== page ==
The Williams House: https://thewilliamshouse.wordpress.com/

Your fellow writer,
Joshua Reynolds

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The Amazing Secrets of Storytelling

Now that I have your attention by my motivating headline, you probably think that I’m either a genius or a quack. The truth is neither. The amazing secrets of storytelling are something that’s common sense; the trouble is that so few people are taught common sense these days. I can give you the secrets in three simple words.

Imagination. Inspiration. Wholesomeness.

Imagination refers to your ability to give your reader through words the same visions and images you have inside your head. Drawing a reader into your story takes imagination – the right descriptions, composition of scenes, environments, and proper portrayals of characters.

Inspiration refers to everything you need to gather in order to have imagination. I call this “reference material”. The truth is that no writer is 100% original, or even 50% original. We acquire our ideas from our interactions with the real world: Places we go to, people we visit, paintings/pictures we observe, other stories we read, stories we are told verbally, smells and tastes, etc.

Wholesomeness refers to the level of simple virtues placed within a story. If your story never talks about food or nature or sleep/rest or water or trees or rocks or characters who appreciate such things, then your story will not be a good one.

Your fellow writer,
Joshua Reynolds

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The Top 10 Reasons Why Over 50% of the Novels in Your Local Library Should Not Exist

Over 50% of the novels in your local library either. . .

1.) . . . teach you to escape the world and not how to live in it.

This is problematic because the reader will be discouraged to live life, always wanting something different from what they have. A novel should tell a story that will encourage the reader to understand this world rightly. It serves as a way to interpret the world, not how to escape it.

2.) . . . exhaust you.

One of the best “virtues” touted for storytelling these days is to always keep the reader at the edge of his/her seat. This is a huge mistake. If the reader is always at the edge of his/her seat when reading a novel, they will be far less likely to re-read the story because they will be on to the next adrenaline-pumping novel.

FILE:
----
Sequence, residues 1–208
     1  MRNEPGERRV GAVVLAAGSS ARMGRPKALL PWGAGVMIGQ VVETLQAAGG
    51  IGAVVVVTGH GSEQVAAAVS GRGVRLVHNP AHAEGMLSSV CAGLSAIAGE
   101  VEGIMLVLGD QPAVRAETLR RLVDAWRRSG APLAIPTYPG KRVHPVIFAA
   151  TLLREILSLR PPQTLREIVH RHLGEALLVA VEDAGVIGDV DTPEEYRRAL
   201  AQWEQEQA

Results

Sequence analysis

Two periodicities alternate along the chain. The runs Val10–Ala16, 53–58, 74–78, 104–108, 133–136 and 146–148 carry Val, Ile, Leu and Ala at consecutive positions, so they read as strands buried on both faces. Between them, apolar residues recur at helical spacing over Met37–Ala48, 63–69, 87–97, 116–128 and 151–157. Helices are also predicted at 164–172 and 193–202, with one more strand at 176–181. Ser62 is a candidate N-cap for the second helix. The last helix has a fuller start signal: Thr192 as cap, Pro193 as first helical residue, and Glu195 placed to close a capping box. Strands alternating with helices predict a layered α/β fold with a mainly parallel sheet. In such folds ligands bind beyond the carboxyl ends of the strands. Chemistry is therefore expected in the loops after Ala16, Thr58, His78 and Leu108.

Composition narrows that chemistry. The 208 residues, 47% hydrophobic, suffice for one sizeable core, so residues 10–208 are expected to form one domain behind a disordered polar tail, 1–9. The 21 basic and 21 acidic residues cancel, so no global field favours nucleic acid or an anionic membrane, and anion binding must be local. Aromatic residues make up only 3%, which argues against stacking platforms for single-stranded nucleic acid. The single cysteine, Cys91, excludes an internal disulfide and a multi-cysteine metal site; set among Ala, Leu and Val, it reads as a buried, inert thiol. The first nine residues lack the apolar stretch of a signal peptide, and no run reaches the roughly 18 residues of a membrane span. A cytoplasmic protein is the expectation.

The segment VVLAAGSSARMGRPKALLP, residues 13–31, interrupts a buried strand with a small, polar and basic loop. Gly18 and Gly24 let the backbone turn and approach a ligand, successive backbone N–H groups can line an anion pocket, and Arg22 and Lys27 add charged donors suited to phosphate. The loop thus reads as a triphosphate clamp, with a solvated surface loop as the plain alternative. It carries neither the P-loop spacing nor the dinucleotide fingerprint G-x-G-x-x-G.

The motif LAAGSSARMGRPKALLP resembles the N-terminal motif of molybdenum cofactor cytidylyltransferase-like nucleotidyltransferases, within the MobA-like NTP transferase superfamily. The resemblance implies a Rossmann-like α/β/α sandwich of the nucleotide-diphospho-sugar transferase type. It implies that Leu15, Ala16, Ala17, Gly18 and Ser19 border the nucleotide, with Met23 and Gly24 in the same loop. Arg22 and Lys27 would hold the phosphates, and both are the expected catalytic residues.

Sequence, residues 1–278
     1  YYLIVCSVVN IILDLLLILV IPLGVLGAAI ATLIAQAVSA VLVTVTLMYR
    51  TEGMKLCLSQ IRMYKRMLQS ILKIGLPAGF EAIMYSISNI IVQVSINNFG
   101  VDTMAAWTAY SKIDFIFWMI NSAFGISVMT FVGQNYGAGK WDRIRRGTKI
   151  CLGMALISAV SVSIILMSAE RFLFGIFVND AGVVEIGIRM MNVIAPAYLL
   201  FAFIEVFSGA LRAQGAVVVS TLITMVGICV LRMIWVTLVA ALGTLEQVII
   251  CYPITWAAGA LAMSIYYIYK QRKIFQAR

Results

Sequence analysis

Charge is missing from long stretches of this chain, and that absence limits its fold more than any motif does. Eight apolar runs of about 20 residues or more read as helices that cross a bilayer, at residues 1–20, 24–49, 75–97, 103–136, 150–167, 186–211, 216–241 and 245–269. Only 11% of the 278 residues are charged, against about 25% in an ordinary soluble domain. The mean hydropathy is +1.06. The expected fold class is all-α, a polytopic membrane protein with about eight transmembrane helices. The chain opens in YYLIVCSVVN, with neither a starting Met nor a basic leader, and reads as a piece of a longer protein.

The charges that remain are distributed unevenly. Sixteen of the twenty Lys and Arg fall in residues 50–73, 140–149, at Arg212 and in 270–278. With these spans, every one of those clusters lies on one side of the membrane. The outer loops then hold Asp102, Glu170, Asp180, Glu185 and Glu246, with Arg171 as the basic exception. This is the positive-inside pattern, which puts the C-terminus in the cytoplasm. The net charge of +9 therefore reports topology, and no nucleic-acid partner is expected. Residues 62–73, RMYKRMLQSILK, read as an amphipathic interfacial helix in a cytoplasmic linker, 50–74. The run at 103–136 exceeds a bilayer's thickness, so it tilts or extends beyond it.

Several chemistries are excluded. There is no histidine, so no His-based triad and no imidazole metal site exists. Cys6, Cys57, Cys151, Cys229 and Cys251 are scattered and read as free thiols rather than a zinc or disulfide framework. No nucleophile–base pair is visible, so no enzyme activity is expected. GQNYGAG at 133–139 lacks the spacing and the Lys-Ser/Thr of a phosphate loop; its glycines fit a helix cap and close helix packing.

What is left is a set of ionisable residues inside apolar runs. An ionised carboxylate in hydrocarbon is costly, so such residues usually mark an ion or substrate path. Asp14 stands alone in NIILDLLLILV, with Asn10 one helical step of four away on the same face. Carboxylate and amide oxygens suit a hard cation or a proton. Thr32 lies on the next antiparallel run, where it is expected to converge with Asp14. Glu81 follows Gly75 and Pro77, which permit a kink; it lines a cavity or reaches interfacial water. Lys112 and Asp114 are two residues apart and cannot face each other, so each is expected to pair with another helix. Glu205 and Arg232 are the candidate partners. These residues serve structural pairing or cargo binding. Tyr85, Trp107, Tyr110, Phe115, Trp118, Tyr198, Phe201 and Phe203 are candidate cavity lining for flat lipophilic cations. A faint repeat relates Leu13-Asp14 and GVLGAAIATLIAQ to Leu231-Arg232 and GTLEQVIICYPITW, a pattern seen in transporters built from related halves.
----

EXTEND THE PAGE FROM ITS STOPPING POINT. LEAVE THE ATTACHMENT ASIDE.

3.) . . . are narcissistic.

Haven’t you noticed that most new novels these days are all about one individual discovering something secret and using it for himself/herself? Either that, or an individual wants something special and obtains it near the end of the story. Many people actually state this is one of the reasons why the Millennial generation is a lot more discouraged. They’ve been taught all their lives that they are special and can have whatever they want.

4.) . . . are not imaginative.

Read the below example and see how much you can envision the scene.

So saying, he stopped his horse and let the reins fall on its neck: then, slowly beating time with one hand, and with a faint smile lighting up his gentle foolish face, as if he enjoyed the music of his song, he began.

Of all the strange things that Alice saw in her journey Through The Looking-Glass, this was the one that she always remembered most clearly. Years afterwards she could bring the whole scene back again, as if it had been only yesterday — the mild blue eyes and kindly smile of the Knight — the setting sun gleaming through his hair, and shining on his armour in a blaze of light that quite dazzled her — the horse quietly moving about, with the reins hanging loose on his neck, cropping the grass at her feet — and the black shadows of the forest behind — all this she took in like a picture, as, with one hand shading her eyes, she leant against a tree, watching the strange pair, and listening, in a half-dream, to the melancholy music of the song.”  ~Lewis Carrol’s Through the Looking Glass

This sort of imagination you cannot obtain through the new-fangled fantasy genre that has popped up in the modern world. I am not opposed to fairytale, but stories full of witch-dogs, magic incantations, wizards battling sorcery, etc. do not aid imagination. They only hinder it because they are not things we can (or should try) to grasp. Such stories end up leaving the reader empty.

5.) . . . do not sustain the reader.